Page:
This post is longer than is usually the case, but given the subject matter, I am sure that you will understand. Thank you for taking the time to read and experience it.
My father passed away almost two weeks ago. When a parent dies, it seems that most children feel a sense of sadness, longing, grief and in some cases, regret for missed opportunities and all that will never be. However, those thoughts and feelings are often tampered by the gratitude and precious memories that you shared with this man, your father.
A couple of months ago, one of my oldest and dearest friends called to tell me that her father had passed. Upon hearing the news, tears flowed and I was overwhelmed by a sense of grief, sadness and gratitude. The grief was present for obvious reasons; the sadness because a special man was gone from this world; the gratitude, because as fate would have it, I became best friends with his daughter and through her, was able to see and feel all that the word “dad” entailed, and the importance of the role of a father-figure in one’s life. Nevertheless, when I learned of my father’s passing, I felt a sadness, as I would when told of anyone’s death, but more prominently, there was a visceral void.
I suppose that you can say that our relationship was complicated. You see, he turned his back on our family when I was only five years old. When I say that he turned his back, I mean that his leaving was so complete that it was as if he disappeared from the face of the earth, certainly from my world. In fact, he did for about 11 years. At the time he left, I was the oldest of three girls and my Mom was left to raise us by herself, with no contact or support from my father. As a young child, I didn’t have the tools necessary to comprehend my father’s actions, so for the most part, I was confused, and even guilty, thinking that his actions were my fault. As I grew older those feelings transformed into resentment and anger, feelings that failed to change even after he began making the occasional appearance in our lives. He came bearing gifts, but none that I wanted or needed.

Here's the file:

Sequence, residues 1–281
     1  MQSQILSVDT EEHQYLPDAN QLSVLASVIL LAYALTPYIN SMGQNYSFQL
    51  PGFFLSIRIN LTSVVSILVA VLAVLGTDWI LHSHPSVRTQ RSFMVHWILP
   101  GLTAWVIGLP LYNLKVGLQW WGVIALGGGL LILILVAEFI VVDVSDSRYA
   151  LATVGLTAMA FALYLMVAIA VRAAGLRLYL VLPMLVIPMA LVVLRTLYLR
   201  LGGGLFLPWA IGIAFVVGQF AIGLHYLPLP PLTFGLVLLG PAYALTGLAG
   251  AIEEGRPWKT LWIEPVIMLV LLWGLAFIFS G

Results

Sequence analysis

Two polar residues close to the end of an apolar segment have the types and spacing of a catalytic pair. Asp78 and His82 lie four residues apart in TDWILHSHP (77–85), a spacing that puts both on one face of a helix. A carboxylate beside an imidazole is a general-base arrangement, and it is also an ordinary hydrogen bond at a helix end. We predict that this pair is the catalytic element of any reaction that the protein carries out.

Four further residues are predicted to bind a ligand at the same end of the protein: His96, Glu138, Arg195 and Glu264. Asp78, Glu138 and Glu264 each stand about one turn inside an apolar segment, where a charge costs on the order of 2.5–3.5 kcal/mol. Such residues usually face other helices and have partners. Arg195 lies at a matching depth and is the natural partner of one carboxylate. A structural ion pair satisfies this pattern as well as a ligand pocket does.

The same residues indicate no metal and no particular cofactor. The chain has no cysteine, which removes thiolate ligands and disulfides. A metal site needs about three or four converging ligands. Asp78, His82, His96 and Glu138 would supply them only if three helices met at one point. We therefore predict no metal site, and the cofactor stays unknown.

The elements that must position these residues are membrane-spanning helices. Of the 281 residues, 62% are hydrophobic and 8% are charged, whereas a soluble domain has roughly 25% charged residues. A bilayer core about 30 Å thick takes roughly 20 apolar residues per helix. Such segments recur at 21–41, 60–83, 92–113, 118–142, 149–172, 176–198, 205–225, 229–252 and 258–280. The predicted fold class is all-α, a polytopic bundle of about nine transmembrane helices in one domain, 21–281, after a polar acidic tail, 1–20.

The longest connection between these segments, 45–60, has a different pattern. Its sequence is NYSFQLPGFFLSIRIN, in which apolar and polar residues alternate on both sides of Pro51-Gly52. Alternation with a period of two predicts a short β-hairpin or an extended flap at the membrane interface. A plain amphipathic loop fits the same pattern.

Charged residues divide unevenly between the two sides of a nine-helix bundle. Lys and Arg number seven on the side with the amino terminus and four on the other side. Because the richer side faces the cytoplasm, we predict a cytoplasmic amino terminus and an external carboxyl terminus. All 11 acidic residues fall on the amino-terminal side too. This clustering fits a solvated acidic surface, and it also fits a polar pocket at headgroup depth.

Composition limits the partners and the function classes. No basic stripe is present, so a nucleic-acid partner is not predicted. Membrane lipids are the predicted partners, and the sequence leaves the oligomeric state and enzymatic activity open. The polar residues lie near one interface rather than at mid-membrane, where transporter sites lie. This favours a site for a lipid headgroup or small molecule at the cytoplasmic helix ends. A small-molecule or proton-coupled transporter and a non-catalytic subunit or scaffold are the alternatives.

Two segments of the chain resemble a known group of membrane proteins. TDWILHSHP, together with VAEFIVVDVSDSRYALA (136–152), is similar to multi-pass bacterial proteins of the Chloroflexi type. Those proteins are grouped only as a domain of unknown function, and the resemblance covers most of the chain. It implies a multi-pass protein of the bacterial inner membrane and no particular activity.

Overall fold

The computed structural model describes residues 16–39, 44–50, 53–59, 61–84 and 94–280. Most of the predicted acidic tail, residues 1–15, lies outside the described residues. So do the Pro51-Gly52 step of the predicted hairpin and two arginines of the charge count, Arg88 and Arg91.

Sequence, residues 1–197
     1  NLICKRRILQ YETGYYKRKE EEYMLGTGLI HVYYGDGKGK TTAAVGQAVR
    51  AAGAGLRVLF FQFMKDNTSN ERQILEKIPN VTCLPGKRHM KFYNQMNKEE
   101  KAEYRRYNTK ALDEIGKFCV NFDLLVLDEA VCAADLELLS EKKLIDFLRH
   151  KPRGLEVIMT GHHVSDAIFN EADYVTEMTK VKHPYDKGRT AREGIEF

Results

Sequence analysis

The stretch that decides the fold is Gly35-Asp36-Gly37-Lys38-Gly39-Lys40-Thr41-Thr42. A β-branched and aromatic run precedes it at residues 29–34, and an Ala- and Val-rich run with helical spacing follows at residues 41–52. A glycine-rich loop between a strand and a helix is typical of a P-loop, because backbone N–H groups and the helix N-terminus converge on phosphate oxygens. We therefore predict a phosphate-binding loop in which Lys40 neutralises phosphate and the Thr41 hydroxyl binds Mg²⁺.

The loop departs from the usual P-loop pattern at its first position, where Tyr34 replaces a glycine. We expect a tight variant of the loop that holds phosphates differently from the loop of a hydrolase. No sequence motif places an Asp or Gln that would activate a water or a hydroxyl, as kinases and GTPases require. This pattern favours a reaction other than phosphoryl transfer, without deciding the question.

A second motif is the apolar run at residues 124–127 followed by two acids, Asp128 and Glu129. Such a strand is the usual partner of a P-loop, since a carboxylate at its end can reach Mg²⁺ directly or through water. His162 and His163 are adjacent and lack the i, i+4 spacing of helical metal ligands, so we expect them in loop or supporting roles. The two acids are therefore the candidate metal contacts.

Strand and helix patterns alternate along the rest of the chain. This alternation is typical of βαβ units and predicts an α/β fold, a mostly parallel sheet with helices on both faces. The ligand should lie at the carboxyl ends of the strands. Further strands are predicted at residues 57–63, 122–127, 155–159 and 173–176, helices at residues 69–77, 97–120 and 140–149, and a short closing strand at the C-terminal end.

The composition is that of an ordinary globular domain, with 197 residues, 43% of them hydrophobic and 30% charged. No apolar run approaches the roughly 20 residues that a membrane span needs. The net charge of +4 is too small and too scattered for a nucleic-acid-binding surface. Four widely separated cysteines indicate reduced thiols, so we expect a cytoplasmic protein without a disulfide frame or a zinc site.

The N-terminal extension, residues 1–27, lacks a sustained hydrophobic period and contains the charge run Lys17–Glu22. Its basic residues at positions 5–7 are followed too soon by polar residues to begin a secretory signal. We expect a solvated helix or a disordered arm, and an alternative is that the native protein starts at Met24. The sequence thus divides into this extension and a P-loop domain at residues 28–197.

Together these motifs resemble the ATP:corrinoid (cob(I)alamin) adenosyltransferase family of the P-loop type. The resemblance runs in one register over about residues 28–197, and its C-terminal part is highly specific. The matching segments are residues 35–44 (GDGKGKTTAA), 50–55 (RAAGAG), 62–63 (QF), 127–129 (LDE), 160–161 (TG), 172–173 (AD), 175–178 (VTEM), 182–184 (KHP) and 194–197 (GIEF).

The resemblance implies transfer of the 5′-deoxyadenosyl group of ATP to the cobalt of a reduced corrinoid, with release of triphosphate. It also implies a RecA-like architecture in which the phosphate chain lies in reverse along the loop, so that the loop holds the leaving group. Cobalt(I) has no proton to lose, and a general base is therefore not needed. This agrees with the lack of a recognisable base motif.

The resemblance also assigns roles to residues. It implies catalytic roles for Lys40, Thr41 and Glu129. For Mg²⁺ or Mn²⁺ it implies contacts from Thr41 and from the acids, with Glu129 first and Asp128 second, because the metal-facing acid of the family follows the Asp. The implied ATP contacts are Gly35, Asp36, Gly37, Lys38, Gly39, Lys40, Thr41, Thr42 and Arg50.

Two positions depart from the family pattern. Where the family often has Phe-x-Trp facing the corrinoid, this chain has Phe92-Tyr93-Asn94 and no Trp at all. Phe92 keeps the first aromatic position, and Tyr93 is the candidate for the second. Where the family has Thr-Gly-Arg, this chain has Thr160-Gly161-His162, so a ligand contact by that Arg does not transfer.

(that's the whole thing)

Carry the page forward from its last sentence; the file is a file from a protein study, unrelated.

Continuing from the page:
The truth is that I didn’t know this man and I knew no more about him than the passing stranger. What I did know was that he wasn’t there to give us food, shelter, clothing or love. He wasn’t there when I had measles or chicken pox, to pick me up when I fell or to soothe my tears over some perceived devastation that all children endure. Complicating the matter is the immutable fact that he is the man who gave me life, and my rational and logical mind knows that were it not for him, I would not be writing this post.